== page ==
Good news, flyers: ‘Flight mode’ is safe during take-off and landing



This article is by Hamza Bendemra, Doctoral Candidate, Engineering at Australian National University. It originally appeared on The Conversation.

analysis Earlier this year, the US Federal Aviation Authority (FAA) put together a panel of aviation experts to look at whether personal electronic devices (PEDs) could be used on planes without compromising safety.

The results are in: the committee is recommending that electronic devices – such as tablets, e-readers and other PEDs – be allowed during all phases of flight (including take-off and landing).

The FAA asked the Advisory and Rulemaking Committee to investigate this particular issue after growing public scepticism about limitations, and increased public pressure to allow passengers to use their electronic devices during all phases of flight. When applicable, passengers will have to switch their devices to airplane/flight mode. Passengers will hence be allowed to listen to music, watch a movie, play games or read an e-book on their e-reader or tablet – as long as the data was downloaded and saved on the device before take-off.

As the committee’s report points out, many new generation aircraft have the appropriate shielding to prevent any interference from PEDs that may be on board.

The FAA is widely expected to follow through with the committee’s recommendations and will likely begin implementation next year. Other regulatory agencies, such as Australia’s Civil Aviation Safety Authority (CASA), are expected to follow FAA’s lead on the issue.

The committee is maintaining restrictions on devices capable of connecting to a mobile phone network and/or with data communication capability. Hence, mobile phones are not expected to be allowed to be used during take-offs and landings any time soon. They will be required to be put on “flight mode”.

A mobile phone searching for a network tower emits much higher energy radio waves and is therefore more likely to cause electromagnetic interference (EMI). Another concern is that a plane flying with several hundreds of phones attempting to connect to a nearby tower would cause unnecessary strain on the mobile phone network.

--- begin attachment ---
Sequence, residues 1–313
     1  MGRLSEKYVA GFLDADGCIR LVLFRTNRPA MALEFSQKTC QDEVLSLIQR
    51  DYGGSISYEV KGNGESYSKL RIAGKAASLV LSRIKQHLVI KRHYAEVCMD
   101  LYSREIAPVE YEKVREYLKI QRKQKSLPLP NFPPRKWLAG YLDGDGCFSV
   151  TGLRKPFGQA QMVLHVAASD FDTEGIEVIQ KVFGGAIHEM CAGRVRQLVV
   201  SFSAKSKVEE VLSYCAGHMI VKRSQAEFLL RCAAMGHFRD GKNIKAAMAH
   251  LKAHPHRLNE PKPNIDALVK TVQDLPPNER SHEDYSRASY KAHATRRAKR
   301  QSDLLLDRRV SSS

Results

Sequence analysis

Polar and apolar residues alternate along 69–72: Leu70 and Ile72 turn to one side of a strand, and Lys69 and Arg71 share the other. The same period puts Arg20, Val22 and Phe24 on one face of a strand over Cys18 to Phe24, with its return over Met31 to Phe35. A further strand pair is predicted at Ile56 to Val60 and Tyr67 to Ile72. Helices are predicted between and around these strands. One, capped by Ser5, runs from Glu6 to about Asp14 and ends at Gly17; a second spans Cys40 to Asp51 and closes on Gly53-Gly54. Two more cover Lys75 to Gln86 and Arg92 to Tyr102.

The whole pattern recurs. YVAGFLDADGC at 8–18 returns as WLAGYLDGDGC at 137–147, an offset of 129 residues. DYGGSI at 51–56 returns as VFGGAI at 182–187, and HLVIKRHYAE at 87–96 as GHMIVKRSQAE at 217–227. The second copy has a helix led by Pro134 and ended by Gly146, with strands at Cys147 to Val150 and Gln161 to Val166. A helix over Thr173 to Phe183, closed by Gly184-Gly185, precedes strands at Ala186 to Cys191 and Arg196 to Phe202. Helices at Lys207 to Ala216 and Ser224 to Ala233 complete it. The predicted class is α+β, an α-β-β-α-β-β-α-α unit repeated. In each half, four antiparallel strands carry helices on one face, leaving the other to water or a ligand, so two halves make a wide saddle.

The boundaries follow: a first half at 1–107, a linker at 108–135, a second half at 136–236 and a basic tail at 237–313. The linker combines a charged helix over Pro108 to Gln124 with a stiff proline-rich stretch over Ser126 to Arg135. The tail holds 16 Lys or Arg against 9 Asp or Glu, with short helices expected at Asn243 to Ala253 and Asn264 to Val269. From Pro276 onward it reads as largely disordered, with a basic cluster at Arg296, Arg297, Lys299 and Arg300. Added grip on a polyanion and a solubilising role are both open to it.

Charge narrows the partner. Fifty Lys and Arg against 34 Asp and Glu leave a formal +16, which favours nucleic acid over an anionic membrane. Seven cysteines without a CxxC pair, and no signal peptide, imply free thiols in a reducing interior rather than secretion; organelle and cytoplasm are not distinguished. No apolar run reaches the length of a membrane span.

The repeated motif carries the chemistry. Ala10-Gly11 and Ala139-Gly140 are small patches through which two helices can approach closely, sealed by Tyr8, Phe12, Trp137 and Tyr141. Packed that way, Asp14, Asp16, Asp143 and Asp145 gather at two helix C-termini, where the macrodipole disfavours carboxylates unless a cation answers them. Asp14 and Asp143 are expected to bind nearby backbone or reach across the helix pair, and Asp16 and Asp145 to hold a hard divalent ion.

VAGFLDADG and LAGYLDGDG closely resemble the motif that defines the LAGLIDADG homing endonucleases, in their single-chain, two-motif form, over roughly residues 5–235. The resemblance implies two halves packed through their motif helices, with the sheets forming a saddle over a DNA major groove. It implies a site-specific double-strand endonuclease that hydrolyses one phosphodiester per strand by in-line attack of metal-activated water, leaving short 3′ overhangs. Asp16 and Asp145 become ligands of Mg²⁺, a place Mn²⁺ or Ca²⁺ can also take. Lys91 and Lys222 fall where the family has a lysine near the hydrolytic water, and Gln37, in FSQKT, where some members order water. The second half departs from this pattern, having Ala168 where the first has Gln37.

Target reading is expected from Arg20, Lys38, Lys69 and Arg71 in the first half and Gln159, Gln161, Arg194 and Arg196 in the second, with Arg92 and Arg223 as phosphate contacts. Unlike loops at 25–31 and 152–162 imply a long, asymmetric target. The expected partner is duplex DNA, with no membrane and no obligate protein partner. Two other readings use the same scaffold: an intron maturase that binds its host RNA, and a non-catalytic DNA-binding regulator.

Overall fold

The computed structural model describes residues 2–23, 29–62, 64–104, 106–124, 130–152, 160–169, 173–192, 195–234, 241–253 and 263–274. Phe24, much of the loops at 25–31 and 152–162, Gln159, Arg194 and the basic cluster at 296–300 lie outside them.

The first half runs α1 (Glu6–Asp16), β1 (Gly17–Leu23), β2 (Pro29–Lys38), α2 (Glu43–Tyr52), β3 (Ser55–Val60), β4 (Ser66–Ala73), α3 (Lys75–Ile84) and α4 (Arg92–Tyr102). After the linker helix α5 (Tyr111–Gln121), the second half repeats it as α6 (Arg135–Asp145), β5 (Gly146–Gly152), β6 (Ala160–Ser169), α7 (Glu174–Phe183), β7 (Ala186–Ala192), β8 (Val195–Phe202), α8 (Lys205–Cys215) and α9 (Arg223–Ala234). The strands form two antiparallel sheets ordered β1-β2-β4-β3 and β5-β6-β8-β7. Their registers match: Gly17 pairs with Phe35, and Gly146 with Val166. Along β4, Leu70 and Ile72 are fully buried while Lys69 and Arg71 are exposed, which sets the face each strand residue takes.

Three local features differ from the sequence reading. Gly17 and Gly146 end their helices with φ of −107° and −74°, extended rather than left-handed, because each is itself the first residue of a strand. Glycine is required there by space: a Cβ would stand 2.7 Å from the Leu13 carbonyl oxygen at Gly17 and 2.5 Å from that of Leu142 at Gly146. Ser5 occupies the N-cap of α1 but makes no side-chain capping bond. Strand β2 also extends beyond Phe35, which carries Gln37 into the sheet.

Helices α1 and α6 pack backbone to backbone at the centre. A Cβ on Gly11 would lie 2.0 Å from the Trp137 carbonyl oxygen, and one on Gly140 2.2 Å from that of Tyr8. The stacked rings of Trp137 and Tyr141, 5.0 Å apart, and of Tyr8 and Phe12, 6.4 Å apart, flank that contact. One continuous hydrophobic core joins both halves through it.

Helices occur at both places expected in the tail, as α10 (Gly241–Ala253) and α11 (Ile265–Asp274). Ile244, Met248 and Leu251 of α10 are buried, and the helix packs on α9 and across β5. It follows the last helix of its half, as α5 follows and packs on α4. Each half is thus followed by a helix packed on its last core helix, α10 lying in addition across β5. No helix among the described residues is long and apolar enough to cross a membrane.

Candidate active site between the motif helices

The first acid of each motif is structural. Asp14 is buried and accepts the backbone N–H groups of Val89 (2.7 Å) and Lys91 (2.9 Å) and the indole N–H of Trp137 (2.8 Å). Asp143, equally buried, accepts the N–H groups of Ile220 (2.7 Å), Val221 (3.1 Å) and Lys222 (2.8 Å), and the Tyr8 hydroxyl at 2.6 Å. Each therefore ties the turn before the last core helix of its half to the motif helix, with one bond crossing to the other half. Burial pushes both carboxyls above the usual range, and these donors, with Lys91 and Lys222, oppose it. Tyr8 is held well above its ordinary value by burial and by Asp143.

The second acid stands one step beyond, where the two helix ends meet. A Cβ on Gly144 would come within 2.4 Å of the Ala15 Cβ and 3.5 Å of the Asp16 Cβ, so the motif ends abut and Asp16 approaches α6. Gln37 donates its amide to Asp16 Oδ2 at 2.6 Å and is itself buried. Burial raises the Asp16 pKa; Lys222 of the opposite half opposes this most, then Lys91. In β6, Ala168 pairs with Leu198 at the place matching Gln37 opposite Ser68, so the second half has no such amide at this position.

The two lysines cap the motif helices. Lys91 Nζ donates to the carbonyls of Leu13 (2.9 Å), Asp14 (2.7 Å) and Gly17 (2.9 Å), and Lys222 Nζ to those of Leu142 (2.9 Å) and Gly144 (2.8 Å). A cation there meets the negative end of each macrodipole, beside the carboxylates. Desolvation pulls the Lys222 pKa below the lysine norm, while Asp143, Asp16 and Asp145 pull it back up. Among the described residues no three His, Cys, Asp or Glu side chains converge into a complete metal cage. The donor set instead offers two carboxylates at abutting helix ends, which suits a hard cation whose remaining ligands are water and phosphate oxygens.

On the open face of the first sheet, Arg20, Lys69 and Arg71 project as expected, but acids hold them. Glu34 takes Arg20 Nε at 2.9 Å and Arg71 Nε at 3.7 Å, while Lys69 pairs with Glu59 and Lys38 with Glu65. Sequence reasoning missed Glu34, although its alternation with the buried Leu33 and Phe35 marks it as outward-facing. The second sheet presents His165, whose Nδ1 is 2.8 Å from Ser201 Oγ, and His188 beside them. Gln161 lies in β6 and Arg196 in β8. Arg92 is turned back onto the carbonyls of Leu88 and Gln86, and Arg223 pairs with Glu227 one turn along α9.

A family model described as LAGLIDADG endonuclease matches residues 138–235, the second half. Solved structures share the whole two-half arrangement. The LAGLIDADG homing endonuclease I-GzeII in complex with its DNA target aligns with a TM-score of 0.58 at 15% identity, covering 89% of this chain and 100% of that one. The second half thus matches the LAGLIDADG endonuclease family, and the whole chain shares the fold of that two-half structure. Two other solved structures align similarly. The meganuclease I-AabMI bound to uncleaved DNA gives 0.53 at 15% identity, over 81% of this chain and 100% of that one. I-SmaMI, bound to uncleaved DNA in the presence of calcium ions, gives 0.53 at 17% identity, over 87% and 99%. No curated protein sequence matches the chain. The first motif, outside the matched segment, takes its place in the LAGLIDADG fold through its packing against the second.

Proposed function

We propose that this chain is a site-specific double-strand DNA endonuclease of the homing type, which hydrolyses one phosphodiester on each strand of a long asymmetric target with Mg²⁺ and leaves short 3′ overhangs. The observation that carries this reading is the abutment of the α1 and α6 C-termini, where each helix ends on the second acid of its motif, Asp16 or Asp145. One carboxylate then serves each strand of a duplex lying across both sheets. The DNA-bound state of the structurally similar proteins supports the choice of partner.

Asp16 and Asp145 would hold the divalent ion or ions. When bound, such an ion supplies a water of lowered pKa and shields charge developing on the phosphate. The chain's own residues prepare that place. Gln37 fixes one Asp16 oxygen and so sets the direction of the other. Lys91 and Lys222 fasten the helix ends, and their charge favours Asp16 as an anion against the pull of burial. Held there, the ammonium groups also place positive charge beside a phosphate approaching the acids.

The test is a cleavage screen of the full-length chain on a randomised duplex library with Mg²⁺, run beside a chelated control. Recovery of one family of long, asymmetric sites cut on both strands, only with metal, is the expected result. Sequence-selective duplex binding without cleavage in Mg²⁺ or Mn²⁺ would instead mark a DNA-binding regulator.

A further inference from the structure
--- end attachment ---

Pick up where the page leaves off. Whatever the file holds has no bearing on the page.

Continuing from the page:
However, some airlines are already offering products that allows their passengers to make phone calls on their flight. Emirates has been pushing for this technology for several years. It relies on pio-cell technology which is basically an on-board antenna which relays calls to towers on the ground. The system is controlled by the flight crew.

Pressure on the FAA sharply increased over the past few years as electronic device use skyrocketed and airline passengers became increasingly dependent on them. As Brazilian illustrator Felipe Luchi so perfectly illustrated in his artwork, we are becoming increasingly dependent on our mobile devices.

The decision to allow the use of electronic devices on planes may seem self-evident to some, but the committee was rigorous. The committee was set to release its recommendation months ago but asked for an extension as there was a large amount of data to review and evaluate. Public perception that a small device like a mobile phone could not possibly interfere with a plane’s electronics is at the core of the issue – as shown by the parody below.

A recently conducted survey showed that 30% of passengers admitted to not turning off their mobile phone when flying – but how many of them are actual aviation safety experts? Does knowing how to use an iPhone give someone the expertise to assess whether it can take interfere with a plane’s electronics?

Evidence-based policy is – as the term suggests – based on evidence. As is usually the case with research, it is extremely difficult to come up with a black-and-white answer. Research outcomes are made up of shades of grey: assessing likelihood, risk and so on.

As pointed out in a previous piece for The Conversation, interference allegedly due to phone calls during flight has been reported – but the lift of the ban on electronic devices such as e-readers and tablets is certainly most welcome.

Hamza Bendemra does not work for, consult to, own shares in or receive funding from any company or organisation that would benefit from this article, and has no relevant affiliations. This article was originally published at The Conversation. Read the original article. Image credit: Qantas

The Conversation


  1. Oh god, let’s put everyone else in charge of safety. The crowd knows best.